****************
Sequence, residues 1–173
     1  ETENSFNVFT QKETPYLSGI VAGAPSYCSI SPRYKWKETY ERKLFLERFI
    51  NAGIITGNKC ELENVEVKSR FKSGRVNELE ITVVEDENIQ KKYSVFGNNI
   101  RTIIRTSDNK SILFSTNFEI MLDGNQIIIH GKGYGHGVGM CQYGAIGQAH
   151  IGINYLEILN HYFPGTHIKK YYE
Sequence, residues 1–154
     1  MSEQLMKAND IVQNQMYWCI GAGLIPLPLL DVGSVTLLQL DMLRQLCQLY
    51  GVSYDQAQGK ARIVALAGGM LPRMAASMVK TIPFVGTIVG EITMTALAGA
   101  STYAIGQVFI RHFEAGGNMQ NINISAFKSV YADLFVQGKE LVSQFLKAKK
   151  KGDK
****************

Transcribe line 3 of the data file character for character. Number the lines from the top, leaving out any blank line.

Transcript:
    51  NAGIITGNKC ELENVEVKSR FKSGRVNELE ITVVEDENIQ KKYSVFGNNI